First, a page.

Wall Street Journal lashes out at measure that would expose wealthy 'dark money' donors
Charles Koch is pictured in this undated handout photo. Freedom Partners Chamber of Commerce/Handout via REUTERS

On Sunday the editorial board of the Wall Street Journal expressed dismay that Arizona voters will have an opportunity next week to pass a bill that will lend more transparency to elections by not allowing wealthy donors to hide behind "dark money" organizations.

At issue is the Voters’ Right to Know Act, also known as Proposition 211, which would mandate that all donors giving more than $5,000 have their names available to the public.

As the Journal's editors see it, it will have a "chilling effect on free speech" because donors might face the wrath of critics --with the editors specifically singling out "the left."

"Transparency and sunshine are happy words, but in reality disclosure laws have become a weapon used by the left to intimidate conservatives from engaging in politics," they wrote. "Groups trawl records for names and then organize social-media campaigns to harass and discourage donors. Americans looking to participate in campaigns can, and often do, see their names dragged through the mud. Many donors decline to engage, and political speech is chilled before it even happens."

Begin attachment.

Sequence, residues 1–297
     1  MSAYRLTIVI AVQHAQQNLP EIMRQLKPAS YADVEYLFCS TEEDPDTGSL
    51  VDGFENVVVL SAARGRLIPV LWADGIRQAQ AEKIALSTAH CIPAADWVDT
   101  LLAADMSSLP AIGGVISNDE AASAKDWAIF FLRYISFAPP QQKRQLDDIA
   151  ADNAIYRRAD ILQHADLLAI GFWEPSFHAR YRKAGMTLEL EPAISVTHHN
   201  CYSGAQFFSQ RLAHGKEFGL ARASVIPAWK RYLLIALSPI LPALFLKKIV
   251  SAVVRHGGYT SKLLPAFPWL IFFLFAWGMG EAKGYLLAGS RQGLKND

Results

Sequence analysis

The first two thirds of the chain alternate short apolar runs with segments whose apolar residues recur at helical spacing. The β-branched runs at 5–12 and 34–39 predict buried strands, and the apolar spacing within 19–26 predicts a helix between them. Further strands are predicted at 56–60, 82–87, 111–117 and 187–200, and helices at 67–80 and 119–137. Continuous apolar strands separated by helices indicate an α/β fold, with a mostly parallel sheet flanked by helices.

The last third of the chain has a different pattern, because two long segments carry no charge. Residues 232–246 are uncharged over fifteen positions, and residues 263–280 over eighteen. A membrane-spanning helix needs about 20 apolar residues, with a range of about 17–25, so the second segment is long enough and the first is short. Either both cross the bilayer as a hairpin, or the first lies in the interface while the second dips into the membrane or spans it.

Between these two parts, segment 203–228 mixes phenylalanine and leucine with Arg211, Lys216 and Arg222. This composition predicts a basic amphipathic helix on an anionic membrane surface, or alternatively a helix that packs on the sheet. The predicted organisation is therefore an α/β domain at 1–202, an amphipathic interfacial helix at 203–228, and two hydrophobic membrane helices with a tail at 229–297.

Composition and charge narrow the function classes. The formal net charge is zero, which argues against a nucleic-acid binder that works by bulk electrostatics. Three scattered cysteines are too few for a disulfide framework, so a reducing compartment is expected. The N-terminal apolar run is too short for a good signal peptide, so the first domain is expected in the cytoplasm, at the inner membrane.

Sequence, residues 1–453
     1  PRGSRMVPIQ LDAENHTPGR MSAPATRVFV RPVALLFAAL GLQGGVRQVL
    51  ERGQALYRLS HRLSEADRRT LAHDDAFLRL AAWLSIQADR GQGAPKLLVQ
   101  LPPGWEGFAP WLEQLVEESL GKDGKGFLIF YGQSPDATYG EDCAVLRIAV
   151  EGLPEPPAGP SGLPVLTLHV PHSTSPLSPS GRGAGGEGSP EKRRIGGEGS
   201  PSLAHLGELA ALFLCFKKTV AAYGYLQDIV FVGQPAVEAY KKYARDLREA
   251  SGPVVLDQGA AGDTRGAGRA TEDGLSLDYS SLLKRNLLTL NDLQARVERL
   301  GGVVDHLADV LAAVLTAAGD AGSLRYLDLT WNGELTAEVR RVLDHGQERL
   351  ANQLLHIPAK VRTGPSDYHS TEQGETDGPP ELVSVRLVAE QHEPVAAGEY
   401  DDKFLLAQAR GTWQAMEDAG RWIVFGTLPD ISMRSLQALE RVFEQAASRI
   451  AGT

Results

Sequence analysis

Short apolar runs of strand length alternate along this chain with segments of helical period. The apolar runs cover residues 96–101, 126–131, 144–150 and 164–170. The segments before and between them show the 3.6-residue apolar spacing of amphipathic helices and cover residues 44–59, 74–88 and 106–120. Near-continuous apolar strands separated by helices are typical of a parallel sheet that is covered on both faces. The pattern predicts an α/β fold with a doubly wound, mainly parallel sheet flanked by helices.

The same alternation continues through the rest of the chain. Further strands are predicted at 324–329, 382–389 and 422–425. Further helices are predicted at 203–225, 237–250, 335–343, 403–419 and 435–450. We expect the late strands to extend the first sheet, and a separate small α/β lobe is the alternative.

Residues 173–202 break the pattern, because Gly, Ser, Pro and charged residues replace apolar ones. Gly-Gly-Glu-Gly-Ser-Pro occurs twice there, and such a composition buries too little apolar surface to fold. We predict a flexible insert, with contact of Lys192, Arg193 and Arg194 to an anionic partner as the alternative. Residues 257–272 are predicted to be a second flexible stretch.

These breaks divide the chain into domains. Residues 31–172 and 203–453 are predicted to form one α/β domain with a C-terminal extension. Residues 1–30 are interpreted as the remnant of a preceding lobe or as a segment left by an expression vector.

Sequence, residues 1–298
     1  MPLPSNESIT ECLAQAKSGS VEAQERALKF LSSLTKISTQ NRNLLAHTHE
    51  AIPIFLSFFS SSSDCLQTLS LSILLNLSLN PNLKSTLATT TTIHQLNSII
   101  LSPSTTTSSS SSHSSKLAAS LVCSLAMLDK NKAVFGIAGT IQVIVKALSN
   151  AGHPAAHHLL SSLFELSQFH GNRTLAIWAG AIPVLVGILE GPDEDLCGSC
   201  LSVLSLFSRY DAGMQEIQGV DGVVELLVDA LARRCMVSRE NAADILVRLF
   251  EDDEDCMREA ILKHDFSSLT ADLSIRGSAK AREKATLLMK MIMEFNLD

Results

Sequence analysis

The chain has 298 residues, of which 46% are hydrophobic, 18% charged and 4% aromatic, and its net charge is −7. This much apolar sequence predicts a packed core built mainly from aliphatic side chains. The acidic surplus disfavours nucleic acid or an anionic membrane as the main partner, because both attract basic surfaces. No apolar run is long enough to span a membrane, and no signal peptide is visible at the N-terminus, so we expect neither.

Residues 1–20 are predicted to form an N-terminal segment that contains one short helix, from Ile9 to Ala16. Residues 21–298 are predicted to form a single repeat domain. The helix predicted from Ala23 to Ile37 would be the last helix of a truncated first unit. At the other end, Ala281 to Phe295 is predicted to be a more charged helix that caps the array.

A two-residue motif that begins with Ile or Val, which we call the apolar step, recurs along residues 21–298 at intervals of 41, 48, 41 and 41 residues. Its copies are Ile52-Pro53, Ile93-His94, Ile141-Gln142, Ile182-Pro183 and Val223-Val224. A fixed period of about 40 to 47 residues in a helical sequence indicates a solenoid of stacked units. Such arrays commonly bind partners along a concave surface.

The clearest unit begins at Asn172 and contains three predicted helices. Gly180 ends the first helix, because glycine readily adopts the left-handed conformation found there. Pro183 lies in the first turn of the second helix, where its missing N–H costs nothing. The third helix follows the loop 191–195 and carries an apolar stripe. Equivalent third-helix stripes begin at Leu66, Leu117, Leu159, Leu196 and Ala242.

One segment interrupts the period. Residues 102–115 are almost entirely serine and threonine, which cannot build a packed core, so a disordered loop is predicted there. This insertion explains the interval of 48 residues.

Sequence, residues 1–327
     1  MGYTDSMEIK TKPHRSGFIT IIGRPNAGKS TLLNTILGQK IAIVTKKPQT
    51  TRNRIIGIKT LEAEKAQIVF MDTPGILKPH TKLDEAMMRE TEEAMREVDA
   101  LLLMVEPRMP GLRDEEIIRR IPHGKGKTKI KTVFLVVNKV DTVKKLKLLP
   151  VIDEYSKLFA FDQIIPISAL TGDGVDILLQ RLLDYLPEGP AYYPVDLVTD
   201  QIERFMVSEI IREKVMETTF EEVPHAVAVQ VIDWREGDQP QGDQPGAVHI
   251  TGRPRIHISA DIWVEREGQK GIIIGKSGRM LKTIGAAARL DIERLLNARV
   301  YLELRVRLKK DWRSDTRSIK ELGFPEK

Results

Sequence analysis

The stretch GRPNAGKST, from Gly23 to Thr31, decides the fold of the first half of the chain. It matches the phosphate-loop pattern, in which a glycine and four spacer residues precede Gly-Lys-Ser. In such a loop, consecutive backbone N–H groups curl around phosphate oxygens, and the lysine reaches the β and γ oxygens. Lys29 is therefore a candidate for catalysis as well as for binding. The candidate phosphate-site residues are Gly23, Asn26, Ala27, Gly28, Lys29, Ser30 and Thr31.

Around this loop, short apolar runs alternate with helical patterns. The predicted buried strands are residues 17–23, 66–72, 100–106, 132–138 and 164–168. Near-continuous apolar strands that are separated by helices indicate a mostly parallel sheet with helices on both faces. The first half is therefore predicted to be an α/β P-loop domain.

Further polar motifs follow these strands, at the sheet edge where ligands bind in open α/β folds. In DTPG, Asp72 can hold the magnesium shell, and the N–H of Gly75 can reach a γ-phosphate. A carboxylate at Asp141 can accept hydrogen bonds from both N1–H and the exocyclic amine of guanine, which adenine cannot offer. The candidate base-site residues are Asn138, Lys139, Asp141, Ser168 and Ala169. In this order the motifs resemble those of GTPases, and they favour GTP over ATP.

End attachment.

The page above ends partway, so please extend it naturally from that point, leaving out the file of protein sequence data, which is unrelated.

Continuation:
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The editorial comes out at a time when NPR is reporting that "More than $1.6 billion has been spent or booked on TV ads in a dozen Senate races, with $3 out of every $4 being spent in six states — Georgia, Pennsylvania, Arizona, Wisconsin, Nevada and Ohio, according to an NPR analysis of data provided by the ad-tracking firm AdImpact," before adding, "Most of that money is coming from outside groups, some of which have little-to-no donor transparency — and Republicans are getting a huge boost from them."

Nonetheless, the Journal's editors maintained, "We haven’t found the part of the First Amendment that says it doesn’t apply to people with more than $5,000 to spend on politics. If the measure passes, it will run into a thicket of lawsuits challenging its constitutionality as well as how it conflicts with Arizona’s state constitution. Arizona’s federal lawsuits go up to the liberal Ninth Circuit Court of Appeals, but the Supreme Court ruled last year in AFP v. Bonta that 'the deterrent effect' of disclosure rules is 'real and pervasive.'"

The editors added, "It sure is. Arizona voters can do a public service by nixing this at the ballot box."

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